Andrew Mellor looks at the latest implications for ever-evolving fire safety legislation
MHCLG has recently published yet another consultation document which proposes further changes to the guidance in Approved Document B (fire) for England, related to residential buildings.
It is therefore likely that we will have the third revised publication of ADB within a 12-month period, with the newest version potentially being published at the end of this year or early next year.
It is becoming difficult to keep up with all the changes to Building Regulations, Approved Documents and Guidance Notes.
We are of course also told that we will have a new Approved Document L (thermal), F (ventilation) and J (combustible appliances) in spring next year too, as well as the potential requirement for electric vehicle chargers to new homes. Added to this, the Building a Safer Future legislation will be forthcoming.
Anticipating the impact of all of this on development viability, design proposals and project delivery is not straightforward and potentially impossible at the present time. So this changing technical and regulatory landscape presents uncertainty at a time when there is much uncertainty in the political and economic arena.
The latest consultation document proposes to amend the Approved Document B guidance to lower the trigger height for installing sprinklers in new residential buildings from 30m to 18m. However, it is seeking industry opinion on whether the threshold should be lower than 18m. We know some industry groups want the trigger height to be 11m or as low as 4.5m and, given the recent fires in low- to mid-rise residential buildings, we may well see a lower threshold.
In my opinion the 30m height will soon be assigned to the historic guidance waste bin. But what does this mean for existing buildings without sprinklers? It seems there will be no retrospective policy just yet but the future introduction of the building Safety Case review will, I am sure, identify some buildings which require sprinklers to be installed due to fire safety concerns.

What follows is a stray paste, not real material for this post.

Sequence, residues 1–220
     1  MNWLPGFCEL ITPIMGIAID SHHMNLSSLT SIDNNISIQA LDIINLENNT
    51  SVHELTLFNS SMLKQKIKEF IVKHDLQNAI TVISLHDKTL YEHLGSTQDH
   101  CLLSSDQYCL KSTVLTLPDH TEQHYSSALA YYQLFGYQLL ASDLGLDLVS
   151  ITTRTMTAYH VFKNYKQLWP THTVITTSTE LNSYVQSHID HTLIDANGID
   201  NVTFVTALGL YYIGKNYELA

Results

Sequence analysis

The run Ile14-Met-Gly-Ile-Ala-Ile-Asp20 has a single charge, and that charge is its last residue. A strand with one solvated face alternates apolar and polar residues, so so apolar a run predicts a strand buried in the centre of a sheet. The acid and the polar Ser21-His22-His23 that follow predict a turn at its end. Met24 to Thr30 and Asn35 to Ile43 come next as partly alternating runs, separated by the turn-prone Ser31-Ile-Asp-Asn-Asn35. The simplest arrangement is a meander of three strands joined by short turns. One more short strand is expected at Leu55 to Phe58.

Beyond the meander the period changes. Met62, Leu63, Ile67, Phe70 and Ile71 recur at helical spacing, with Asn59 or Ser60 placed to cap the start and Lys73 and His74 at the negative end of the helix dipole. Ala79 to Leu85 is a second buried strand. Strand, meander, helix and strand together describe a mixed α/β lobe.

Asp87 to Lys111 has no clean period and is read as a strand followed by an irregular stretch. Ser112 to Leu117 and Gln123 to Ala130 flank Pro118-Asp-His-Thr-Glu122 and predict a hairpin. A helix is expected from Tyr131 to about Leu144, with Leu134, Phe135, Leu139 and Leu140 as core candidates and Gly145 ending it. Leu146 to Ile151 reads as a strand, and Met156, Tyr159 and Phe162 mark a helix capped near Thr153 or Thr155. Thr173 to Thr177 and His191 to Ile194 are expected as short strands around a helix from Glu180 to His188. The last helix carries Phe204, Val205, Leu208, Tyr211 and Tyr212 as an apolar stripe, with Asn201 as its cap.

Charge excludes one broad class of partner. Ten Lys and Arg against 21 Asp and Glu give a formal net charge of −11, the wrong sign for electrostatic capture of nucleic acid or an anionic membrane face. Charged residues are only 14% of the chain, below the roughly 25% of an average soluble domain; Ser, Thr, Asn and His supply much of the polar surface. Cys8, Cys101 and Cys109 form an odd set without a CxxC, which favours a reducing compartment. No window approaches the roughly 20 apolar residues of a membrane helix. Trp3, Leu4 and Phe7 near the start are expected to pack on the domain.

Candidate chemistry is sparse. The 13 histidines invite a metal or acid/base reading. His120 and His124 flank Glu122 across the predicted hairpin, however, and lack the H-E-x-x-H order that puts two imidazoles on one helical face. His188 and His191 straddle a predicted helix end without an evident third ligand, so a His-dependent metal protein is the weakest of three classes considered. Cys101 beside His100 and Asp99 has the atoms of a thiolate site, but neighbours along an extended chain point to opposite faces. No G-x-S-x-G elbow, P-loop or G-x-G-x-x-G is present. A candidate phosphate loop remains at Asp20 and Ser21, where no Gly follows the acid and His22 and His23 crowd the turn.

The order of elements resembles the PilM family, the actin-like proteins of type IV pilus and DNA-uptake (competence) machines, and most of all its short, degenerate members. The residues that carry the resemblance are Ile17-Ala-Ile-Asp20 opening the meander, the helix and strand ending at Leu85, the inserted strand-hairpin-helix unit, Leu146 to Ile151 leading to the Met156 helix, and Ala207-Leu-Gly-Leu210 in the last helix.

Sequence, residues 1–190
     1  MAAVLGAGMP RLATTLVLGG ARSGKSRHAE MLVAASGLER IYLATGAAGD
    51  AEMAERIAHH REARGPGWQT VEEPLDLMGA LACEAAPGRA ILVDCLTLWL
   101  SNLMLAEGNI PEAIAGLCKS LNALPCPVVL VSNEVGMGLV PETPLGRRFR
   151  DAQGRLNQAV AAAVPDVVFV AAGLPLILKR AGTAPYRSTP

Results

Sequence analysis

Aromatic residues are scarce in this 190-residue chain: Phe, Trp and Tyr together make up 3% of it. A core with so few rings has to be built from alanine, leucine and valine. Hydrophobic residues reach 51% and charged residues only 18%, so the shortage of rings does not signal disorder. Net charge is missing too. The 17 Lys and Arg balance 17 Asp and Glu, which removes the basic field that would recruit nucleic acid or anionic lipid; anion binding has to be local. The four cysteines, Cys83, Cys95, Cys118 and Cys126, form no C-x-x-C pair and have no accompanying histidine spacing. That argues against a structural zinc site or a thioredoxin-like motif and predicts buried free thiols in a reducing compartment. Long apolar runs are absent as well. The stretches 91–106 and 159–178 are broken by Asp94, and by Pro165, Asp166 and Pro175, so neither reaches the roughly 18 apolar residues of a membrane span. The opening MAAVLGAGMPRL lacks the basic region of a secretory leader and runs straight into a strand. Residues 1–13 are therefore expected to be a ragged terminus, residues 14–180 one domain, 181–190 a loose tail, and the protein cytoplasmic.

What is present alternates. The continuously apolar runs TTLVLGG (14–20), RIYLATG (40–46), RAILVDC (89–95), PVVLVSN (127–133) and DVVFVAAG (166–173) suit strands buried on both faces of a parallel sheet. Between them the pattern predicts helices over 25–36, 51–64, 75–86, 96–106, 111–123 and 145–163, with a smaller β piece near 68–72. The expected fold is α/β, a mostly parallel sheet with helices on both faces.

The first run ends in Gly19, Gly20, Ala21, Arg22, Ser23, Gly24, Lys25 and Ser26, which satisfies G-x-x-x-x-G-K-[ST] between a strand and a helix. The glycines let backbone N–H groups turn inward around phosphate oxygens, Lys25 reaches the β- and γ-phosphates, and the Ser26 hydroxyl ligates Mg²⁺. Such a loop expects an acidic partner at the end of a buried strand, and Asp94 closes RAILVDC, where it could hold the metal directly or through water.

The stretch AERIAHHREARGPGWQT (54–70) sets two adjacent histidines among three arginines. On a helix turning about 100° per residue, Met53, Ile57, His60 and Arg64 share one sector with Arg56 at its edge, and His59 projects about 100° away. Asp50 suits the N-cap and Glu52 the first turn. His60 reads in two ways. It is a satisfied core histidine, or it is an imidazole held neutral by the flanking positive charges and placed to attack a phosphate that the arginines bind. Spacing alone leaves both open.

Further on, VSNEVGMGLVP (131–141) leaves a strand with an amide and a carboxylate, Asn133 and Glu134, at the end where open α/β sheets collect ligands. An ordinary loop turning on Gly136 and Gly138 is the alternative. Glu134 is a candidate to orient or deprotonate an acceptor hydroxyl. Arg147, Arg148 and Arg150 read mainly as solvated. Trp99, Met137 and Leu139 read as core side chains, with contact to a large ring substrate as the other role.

The other proposals in the consultation document are the inclusion of evacuation alarms and wayfinding signage at each floor level. The former is intended to allow the fire service to evacuate a single floor or multiple floors at any one time via the use of an evacuation alarm system in each apartment. The latter will enable firefighters to more easily identify floor levels and apartment locations to speed up operational response times. These are relatively minor requirements in terms of technical detail but will have obvious cost impacts and we should be aware of transitional arrangements which may mean current projects have to comply with the new policy if it is introduced.
The government will undoubtedly be waiting keenly for the initial findings of the recent fires in a series of residential and hotel buildings to understand why they happened, why fire spread throughout the building and if regulations need to be further amended to respond to such feedback.
Considering the most recent large fire at Worcester Park, it is not yet understood how the fire started and how it spread through the building in the way that it did. Everyone in the building escaped safely, but the building was destroyed.
The Building Regulations exist to protect building occupants and not to preserve the buildings themselves, so in essence the regulations worked at Worcester Park. However, many will question what if residents had not escaped safely and why was the whole building destroyed so quickly?
The Worcester Park buildings are constructed, I understand, from timber frame with a cement fibre external cladding. There will therefore be continued debate about the safety of timber-framed apartment buildings of any height and whether they are deemed to be safe
Will we now see a requirement from government for lower-rise timber-framed residential buildings to have sprinklers fitted or for the trigger height of 18m for the use of combustible materials in facades to be lowered?
What we can be sure of is that MHCLG is considering a number of options at the current time in its response to the Worcester Park fire.
It is very likely that developers, building insurers and mortgage providers will also influence the use of combustible materials in the facades (and potentially structure) of lower-rise buildings.
Andrew Mellor leads the development consultancy team at PRP. The practice has been advising MHCLG and conducting research around policy and building regulations.